This issue is dedicated to cross-country. There's some other stuff in here too, though.
Welcome to the latest issue of Run the North. There’s a lot of cross-country stuff in this, so buckle up.
I am new to the world of cross-country. I did not run in high school or college. My high school did not have a track team or a cross-country team. My college didn’t either. I’ve only begun to learn about it, in a meaningful way, through working on this newsletter.
But I think my relationship to cross-country is familiar to anyone who didn’t run it. You don’t do it, so you don’t know about it. Then, as you become a runner and learn more about running, it seems cool. But it’s like this secret club. Races for normal people are few and far between. It’s not in the Olympics. It’s not on TV. How is someone supposed to become a cross-country fan?
I hope this edition of Run the North is a start. I learned a lot putting it together.
This is another issue that might be too long for your inbox, just a heads up. If it gets cut off, you can read it online.
After the cross-country stuff, there’s a round-up of links, podcasts, and a new running documentary to check out. So if you want to skip the cross-country stuff, just keep scrolling.
Thanks for reading!
Here’s your Canadian cross-country championships preview
The Canadian cross-country championships are taking place on Saturday, Nov. 30 in Abbotsford, B.C. The races are being held at Clearbrook Park — you can see a map of the course here. Athletics Canada also has a photo breakdown of the course.
There are races all day, from masters to U16, but I am only focusing on the senior races.
Both the senior men and senior women are running 10K. There are 49 women and 99 men set to line up on Saturday. You can see the full start list here.
Last year, Geneviève Lalonde won the women’s race and Luc Bruchet won the men’s race. Both are returning to defend their titles.
5 men to watch
1. Luc Bruchet
Luc Bruchet is a two-time Canadian cross-country champion. He totally dominated his last two times toeing the cross-country start line. The 28-year-old from Vancouver ran the 5,000m for Canada at the 2016 Rio Olympics.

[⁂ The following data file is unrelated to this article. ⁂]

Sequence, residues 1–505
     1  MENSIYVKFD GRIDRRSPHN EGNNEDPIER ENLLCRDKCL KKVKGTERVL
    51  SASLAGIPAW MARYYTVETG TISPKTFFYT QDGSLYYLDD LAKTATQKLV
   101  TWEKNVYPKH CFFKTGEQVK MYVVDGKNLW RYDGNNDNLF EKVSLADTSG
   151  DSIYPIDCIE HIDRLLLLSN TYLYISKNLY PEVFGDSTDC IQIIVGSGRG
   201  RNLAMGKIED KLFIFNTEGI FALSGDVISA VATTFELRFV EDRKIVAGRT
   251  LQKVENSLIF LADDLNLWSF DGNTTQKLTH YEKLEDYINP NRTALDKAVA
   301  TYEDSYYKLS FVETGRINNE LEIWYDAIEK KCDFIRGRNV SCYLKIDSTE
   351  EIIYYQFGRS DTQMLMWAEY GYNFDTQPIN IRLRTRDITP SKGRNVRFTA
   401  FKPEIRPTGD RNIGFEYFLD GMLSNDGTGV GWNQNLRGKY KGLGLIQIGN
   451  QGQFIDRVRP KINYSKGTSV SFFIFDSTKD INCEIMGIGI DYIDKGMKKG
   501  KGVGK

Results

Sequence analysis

He missed out on the world cross-country championships due to injury and according to his Instagram, it’s been a rough road back. But if he’s healthy, he should be tough to beat.
2. Chris Balestrini
It feels like Chris Balestrini has been on the start line of every Canadian race this year. The 27-year-old ran his first marathon this spring, placed third at the Canadian half-marathon championships in June and ran his second marathon in Toronto in the fall. Along the way, he’s run several other races, all while coaching at Western University, where he is studying for a double PhD and medical degree.
He placed 26th last year, but has had a strong, high-volume 2019. Can that translate into a strong performance here?
3. Ben Preisner
Ben Preisner graduated from University of Tulsa in May and has been tearing up the Canadian road racing scene ever since. The 23-year-old won the Vancouver and Toronto half-marathons. He was also the top Canadian at the world cross-country championships at the beginning the year, placing 77th overall.
He came sixth at the Canadian championships last year. Will his move up in distance (his first half-marathons were this year) help him move up the rankings?
4. John Gay
John Gay was a surprise qualifier in the steeplechase for the world championships this year. He also was on the Canadian team sent to the world cross-country championships, as part of the mixed-relay team. The 23-year-old has one year of eligibility left at the University of British Columbia.
He placed eighth in this race last year. Can his international experience help him improve upon that placement in 2019?
5. Leonard Chesoo
Leonard Chesoo isn’t Canadian. The 22-year-old Kenyan is a student at Concordia University of Edmonton. Since arriving in Canada he’s been destroying both his collegiate competition and the local road racing scene. He won the Edmonton lululemon 10K against some of Canada’s biggest running names and was named the 2018-2019 Alberta Colleges Athletics Conference (ACAC) rookie athlete of the year.
Leonard isn’t eligible to win the Canadian crown, but I expect him to be a factor in this race.
Other notable men to watch
Other men on the start line to pay attention to include Connor Black, the 2018 Canadian university cross-country champion; Rob Watson, the founder of Mile2Marathon and former elite marathoner; and Mike Tate, who was on the team Canada sent to the world cross-country championships this year.
5 women to watch
1. Geneviève Lalonde
Steeplechaser Geneviève Lalonde is the defending Canadian cross-country champion. The 28-year-old was also the top Canadian finisher at the world cross-country championships in March, placing 20th overall. Lalonde has had a strong 2019, winning gold in the steeplechase at the PanAm Games and lowering her own Canadian record in the event.